The majority of guitar music with merit, written
in the 19th
century, is from the pens of that instrument’s
virtuoso players. Segovia’s challenge was not the size of the
extant repertory, but the quality.
To place the guitar on an equal footing with other concert instruments,
he needed to develop a corpus of works that would complement the guitar’s
evolution from salon to the concert stages of the world.
While the tradition of the guitar virtuoso/composer continued into the
century, it was finally eclipsed by the contributions
of composers, often encourage by Segovia, who perceived the latent possibilities
of the guitar. Although the Paraguayan virtuoso/composer Agustin Barrios
composed some quite magnificent smaller pieces, Segovia totally ignored
them, excluding all from his recordings and live performance; he even
went as far as banning them from performance in his master classes.
One of the most popular guitar virtuoso/composers of the 20th
century was Antonio Lauro. Writing in a diverse style, it is his Venezuelan
Waltzes for which he is most remembered and revered. The Waltz No
(18), is one of the best-known, and loved, items in the
Lauro was born in 1917 in Angostura (Ciudad Bolívar), Southern
Venezuela. His father died when Lauro was five years old, and in 1926
Lauro moved to Caracas and studied piano with Slavador Llamozas. Strongly
influenced by Agustin Barrios, Lauro entered the School of Guitar at
the National Conservatory in 1934 to study with Raúl Borges.
While studying guitar Lauro worked as a guitar accompanist on radio.
He formed a vocal-guitar trio, and not only arranged the music, but
also played principal guitar, and sang baritone.
His almost two-year tour from Venezuela to Chile with the trio, commencing
in 1940, marked his entire creative existence. He began to write new
waltzes such as El Marabino
. He gathered material
and influences that would blossom in his final creative period when
he would writeNelly
a ‘gaita marabina’ and Cueca
. When he returned to Venezuela he devoted himself almost
entirely to studying composition with Vicente Emilio Sojo.
Lauro began to get international recognition in the 1960s especially
as a result of the concert performances of his music by Alirio Diaz.
His Venezuelan Waltzes Maria Luisa
date from this period. Lauro died on 18 April 1986 in Caracas at the
age of 68.
The review disc comprises an all Lauro programme constituting thirty
tracks. It is well balanced and includes not only the more famous compositions,
but others which are not frequently recorded. Many of the items are
selected from important composing periods and phases of Lauro’s
Carlos Pérez was born in Santiago, Chile in 1976. Influenced
by his father, the young Carlos began his association with the guitar
at an early age. He studied at the Arts Faculty of the University of
Chile under Ernesto Quezada, and graduated with honours. Carlos Pérez
has been awarded top prize in major international guitar competitions
in Europe and America. He is a professor of guitar at the Arts Faculty,
University of Chile.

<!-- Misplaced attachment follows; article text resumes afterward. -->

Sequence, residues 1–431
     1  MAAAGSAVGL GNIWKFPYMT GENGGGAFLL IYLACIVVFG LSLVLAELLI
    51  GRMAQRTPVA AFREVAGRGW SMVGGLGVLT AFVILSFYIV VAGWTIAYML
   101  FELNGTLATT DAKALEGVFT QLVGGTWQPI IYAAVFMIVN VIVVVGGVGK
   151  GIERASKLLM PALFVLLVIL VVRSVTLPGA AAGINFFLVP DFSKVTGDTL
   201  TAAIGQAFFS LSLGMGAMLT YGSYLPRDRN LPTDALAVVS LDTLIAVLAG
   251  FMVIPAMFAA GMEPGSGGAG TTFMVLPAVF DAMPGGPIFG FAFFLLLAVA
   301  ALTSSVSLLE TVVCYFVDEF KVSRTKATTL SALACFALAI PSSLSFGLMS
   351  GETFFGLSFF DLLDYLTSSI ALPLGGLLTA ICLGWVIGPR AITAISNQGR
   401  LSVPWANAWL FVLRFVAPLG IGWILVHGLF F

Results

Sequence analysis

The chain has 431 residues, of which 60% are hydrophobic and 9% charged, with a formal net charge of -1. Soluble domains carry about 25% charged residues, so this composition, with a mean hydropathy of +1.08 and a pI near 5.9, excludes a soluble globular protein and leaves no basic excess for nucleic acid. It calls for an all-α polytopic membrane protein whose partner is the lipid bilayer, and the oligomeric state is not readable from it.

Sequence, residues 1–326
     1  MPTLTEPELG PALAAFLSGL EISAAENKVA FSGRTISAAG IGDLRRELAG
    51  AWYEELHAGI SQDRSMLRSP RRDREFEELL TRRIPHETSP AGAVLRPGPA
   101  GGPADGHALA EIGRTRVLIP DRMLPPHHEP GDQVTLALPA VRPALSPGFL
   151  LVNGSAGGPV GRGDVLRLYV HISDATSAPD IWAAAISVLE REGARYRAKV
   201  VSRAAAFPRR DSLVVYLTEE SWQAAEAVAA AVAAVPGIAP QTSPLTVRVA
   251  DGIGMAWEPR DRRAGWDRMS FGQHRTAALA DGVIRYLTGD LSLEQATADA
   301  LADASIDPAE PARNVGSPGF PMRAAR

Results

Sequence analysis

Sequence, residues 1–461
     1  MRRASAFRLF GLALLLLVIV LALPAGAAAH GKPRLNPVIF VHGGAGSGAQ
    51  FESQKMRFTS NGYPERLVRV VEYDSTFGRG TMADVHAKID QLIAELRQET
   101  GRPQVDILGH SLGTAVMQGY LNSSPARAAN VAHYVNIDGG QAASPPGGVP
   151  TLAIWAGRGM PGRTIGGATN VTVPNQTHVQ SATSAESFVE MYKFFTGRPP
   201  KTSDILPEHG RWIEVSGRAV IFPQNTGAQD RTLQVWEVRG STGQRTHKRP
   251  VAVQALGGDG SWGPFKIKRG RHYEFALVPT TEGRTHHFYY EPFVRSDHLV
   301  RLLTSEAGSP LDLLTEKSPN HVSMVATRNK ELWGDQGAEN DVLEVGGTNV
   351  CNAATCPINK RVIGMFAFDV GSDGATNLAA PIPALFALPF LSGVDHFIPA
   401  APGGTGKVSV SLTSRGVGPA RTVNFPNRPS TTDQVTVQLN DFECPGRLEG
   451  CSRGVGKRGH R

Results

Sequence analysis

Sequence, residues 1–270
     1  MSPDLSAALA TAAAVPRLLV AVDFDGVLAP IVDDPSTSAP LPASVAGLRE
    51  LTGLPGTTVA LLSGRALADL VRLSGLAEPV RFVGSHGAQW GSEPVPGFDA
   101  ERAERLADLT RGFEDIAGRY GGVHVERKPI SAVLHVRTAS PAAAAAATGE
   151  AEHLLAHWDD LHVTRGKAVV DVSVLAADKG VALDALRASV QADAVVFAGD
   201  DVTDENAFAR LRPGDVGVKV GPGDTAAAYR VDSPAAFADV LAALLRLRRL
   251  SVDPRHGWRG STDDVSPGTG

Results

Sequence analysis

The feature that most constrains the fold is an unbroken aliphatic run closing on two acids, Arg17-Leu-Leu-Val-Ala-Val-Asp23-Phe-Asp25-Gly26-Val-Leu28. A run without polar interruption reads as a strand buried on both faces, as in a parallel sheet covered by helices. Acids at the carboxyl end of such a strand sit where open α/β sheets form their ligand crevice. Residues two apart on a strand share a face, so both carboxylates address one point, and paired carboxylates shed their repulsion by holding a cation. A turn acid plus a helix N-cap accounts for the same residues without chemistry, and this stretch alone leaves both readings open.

This reviewer’s introduction to Carlos Pérez was serendipitous:
one of his two DVDs came into his possession unexpectedly: Guitarra
(MB21399DVD) is not the subject of this review, but
it is appropriate to say that it is excellent in every way, and a strong
motivation to further pursue the performances of Pérez; you can
see an extract on YouTube
One thing that impresses when first hearing Carlos Pérez, is
his significant technical facility. Visually and audibly, even the most
complex and technically challenging music is executed with what appears
consummate ease. Despite technical facility, some players appear to
be making ‘hard work’ of more difficult pieces. Facial expressions
quickly lead one to this conclusion, erroneous though it may be.
Then there is the sound: a beautiful full, round tone and inordinate
attention paid to the various voices within the music. This preoccupation
is particularly evident on the review disc where under Lauro’s
often tender melodies, the inner voices are constantly moving. The traditional
music on which Lauro based his waltzes demands a strong rhythmic sense
from the guitarist. They feature syncopation and rhythmic interplay,
blending and layering accents of 3/4 and 6/8 time. Pérez’s
empathy for these demands is exemplified in his winning of the First
Prize in the Alirio Diaz Competition in Venezuela.
Having listened primarily to one man, Alirio Diaz, play the works of
Lauro supremely, and without effective competition for almost four decades,
it may be that inculcated preference alone will inhibit these renditions
being supplanted. That said, the current offerings by Carlos Pérez
leave nothing to be desired and everything to be admired; all else is
just a matter of personal preference.
The guitar Carlos Pérez plays on this disc is an impressive instrument
by Manuel Contreras II, Madrid, 2003. It is responsive to the player’s
preoccupation with the inner voices of the music. This capability of
traditional fan-braced guitars is often lost in designs that depart
from tradition in the pursuit of louder volumes. The very latest instrument
played by Carlos Perez is from the hands of Angel Benito Aguado.